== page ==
When I hear that synth theme of Wolf, I recall immediately, the final scene where Nicholson, now inexorably transformed into a wolf, runs away into the wilderness and we are left wondering whether Pfeiffer will join him too. Ditto with that Untouchables theme, I don’t even have to check to be sure.  I KNOW…the music has made such a strong association with that scene in my head that I will never forget what was going on in the part where it plays.  Another similarity to Ilaiyaraja.  By no means are Morricone and Raja the only ones who achieved that, but the extremely evocative nature of the scores make the association between music and visuals much stronger.

Morricone was 91.  He had lived long and had an incredibly productive career, running up a Raja-esque film count (once more, the similarities).  Even so, it has been difficult to write this little tribute for two reasons.  One, that at least here in India, we seem to have lost far too many film personalities in just the year so far, some to covid-19 and some to other causes.  Two, Morricone’s passing away also brings curtains down on an era of cinema and it is oddly apt that it should happen in the void of covid-19.  Because the film industry is likely to look very different as and when we do reopen for business, accelerating a change that would have made the kind of films Morricone worked on increasingly a thing of the past.  With web series becoming more and more important, with Marvel dominating conventional cinema and with Netflix becoming an important producer and distributor of ‘movie content’ (as opposed to films released on the big screen), there may not be too many movies in the future that would require rich background scores.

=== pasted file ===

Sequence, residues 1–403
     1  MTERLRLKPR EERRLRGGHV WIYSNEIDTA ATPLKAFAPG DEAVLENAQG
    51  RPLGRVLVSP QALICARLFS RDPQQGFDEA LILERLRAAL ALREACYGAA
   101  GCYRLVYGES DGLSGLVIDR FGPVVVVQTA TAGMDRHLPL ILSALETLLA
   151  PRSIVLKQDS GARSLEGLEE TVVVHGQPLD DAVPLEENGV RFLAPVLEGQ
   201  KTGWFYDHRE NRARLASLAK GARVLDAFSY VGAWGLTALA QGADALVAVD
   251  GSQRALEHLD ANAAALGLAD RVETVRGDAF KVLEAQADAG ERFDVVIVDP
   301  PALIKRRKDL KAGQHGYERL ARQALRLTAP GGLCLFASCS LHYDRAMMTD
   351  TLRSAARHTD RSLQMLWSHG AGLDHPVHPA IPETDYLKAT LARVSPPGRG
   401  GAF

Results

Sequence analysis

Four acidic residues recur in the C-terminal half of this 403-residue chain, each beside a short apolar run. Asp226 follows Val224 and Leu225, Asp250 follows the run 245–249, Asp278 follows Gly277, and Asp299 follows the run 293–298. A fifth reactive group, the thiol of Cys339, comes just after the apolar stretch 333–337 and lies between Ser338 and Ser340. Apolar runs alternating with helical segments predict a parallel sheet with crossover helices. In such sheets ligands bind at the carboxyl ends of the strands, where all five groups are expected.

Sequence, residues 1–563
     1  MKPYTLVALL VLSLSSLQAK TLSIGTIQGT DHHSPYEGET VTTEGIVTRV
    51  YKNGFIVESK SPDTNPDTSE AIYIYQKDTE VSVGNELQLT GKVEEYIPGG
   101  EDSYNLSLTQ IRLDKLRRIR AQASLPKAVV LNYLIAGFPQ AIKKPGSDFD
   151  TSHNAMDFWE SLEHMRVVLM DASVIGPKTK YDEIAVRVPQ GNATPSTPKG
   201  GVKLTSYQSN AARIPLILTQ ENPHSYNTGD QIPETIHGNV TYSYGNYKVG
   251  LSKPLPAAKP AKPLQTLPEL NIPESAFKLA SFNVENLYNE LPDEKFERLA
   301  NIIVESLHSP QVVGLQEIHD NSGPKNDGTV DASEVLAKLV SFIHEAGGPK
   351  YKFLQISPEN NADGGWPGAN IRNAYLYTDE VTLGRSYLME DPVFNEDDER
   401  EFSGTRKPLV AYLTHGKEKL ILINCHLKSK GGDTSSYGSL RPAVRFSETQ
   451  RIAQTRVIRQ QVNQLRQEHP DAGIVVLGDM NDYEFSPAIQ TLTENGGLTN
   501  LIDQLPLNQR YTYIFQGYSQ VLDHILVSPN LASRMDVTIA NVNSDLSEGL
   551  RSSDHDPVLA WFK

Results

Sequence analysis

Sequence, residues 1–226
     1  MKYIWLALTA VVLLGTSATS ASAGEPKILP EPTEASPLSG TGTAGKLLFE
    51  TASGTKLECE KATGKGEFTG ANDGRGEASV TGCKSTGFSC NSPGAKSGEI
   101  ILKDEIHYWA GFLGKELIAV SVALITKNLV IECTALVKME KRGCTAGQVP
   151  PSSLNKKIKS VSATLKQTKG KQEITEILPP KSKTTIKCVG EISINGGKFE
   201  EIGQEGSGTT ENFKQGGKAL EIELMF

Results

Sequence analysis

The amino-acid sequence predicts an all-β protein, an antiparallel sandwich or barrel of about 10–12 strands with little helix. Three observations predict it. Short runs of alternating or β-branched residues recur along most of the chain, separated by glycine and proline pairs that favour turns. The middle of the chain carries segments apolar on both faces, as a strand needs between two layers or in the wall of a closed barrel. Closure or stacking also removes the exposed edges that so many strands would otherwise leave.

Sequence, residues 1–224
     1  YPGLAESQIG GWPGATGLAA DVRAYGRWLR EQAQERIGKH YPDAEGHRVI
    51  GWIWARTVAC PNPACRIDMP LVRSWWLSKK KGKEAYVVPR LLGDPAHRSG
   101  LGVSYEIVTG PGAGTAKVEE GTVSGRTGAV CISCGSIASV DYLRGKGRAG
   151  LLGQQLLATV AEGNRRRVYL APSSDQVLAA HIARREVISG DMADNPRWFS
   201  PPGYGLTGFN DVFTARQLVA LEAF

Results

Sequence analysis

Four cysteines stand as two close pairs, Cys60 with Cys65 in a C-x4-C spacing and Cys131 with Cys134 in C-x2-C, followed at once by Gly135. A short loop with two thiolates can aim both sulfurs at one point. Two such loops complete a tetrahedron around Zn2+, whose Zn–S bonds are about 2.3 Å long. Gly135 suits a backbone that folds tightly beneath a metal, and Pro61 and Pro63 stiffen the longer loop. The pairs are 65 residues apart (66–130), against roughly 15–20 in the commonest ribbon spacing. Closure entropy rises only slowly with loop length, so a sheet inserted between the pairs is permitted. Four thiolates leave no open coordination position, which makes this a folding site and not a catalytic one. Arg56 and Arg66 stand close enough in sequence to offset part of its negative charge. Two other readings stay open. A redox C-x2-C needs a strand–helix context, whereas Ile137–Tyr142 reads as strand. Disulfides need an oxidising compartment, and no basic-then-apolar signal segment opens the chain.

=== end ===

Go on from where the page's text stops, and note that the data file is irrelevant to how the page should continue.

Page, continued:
Or, there might and the ghost of Morricone will be smiling down on the one who takes over the mantle from him and uses music to express what the actors and the props sometimes cannot. RIP.